At the end of January, Movement Mortgage announced it experienced a record-breaking year of business growth in 2018, unveiling a $22 million investment to support the expansion of Movement School. The first Movement School campus opened in West Charlotte in 2017, with the second campus in East Charlotte slated to open this year. Beyond these first two campuses, Movement School is also actively working to open two additional campuses in the Charlotte metro area. Movement School is a network of public, tuition-free charter schools serving students and families in North Carolina. Movement School is just the first building block in helping foster a momentum toward change in these communities. 

As important as education is, a child’s health is just as important, with ChildFund stating that children who grow up poor in the U.S. are more likely to be in poor health. Movement School is working to change the entire trajectory for students living in poverty by using the school to create community hubs for change. 

“The school building itself can actually act as a beachhead for different organizations who are meeting some of the different needs that the urban poor face,” Crawford said. “There are a lot of good folks who are all doing great work in a lot of disparate areas of our city, but when you think about bringing them together under one roof, I think there’s real power and synergy in doing that.” 

“When you start taking care of housing, education, healthcare and a lot of these big persistent problems that the urban poor face, you’re giving people a context to thrive,” he said. “Kids are unbelievably gifted and unbelievably capable. We just need to give them a context and environment where they can use all those gifts to their fullest to break some of these generational cycles and issues of poverty.”

Every organization has the power to ignite great change, as Crawford stated, they just need to figure out what that change looks like for them. Crawford spotlighted Amazon as an example of leading change. In an article by Thomas Franck in CNBC, he shared how more than 340 Amazon employees risked termination earlier this year after signing a Medium post published by advocacy group Amazon Employees for Climate Justice. While the group still advocates for more change from Amazon Founder and CEO Jeff Bezos, their efforts did lead to the creation of a new Earth Fund that Bezos pledged $10 billion to in order to start. The fund will issue grants to combat the effects of climate change.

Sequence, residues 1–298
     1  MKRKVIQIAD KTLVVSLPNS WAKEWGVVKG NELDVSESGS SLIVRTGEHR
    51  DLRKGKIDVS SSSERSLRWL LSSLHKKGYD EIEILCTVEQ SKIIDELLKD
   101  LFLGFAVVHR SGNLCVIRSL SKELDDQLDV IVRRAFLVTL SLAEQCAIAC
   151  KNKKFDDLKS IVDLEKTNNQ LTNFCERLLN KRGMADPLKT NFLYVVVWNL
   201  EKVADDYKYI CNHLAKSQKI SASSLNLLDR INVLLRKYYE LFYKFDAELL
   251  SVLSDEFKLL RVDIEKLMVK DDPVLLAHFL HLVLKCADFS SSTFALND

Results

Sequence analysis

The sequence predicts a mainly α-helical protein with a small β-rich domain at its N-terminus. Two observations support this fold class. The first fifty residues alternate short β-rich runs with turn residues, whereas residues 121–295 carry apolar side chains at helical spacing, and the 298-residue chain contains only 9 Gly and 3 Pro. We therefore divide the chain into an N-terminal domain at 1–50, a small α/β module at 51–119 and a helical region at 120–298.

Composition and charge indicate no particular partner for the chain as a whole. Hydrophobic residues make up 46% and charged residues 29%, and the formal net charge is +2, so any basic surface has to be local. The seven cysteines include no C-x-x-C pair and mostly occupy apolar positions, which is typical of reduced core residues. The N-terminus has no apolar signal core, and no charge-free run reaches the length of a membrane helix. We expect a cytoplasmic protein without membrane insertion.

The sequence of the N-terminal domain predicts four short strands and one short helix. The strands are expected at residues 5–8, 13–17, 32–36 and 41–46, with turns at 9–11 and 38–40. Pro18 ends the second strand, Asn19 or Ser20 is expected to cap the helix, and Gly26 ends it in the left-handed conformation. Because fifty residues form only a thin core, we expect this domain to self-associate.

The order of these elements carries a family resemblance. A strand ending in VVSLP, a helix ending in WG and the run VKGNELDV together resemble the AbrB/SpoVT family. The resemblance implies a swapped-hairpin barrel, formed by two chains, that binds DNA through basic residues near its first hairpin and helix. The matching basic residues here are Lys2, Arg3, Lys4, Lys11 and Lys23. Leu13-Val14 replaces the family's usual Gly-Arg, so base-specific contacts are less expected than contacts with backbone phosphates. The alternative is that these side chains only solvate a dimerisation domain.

Whether it’s pouring back into schools, the environment or something else, in the words of Crawford, “Our purpose has to be greater than profit.”

And Movement isnt’ the only lender giving back to schools. 

Guild Mortgage, which is based in San Diego, is one of those lenders helping drive change in schools, recently announcing it donated $110,000 each to the Monarch School and Urban Corps of San Diego County. The Monarch School serves students in San Diego and has grown to a K-12 school dedicated to educating homeless youth, while the Urban Corps of San Diego County provides a work-learning program that allows youth to finish high school while earning a paycheck. They also donated $110,000 to Home Start, which provides services to women and children living in poverty.

“We have been fortunate to have key sponsors and people throughout the community join us in supporting the important work being done by the Monarch School, Urban Corps of San Diego County and Home Start,” said Mary Ann McGarry, CEO of Guild Mortgage. The lender’s annual charity golf tournament and dinner social has gained the support of leading financial institutions like BNY Mellon, Texas Capital Bank and JPMorgan Chase.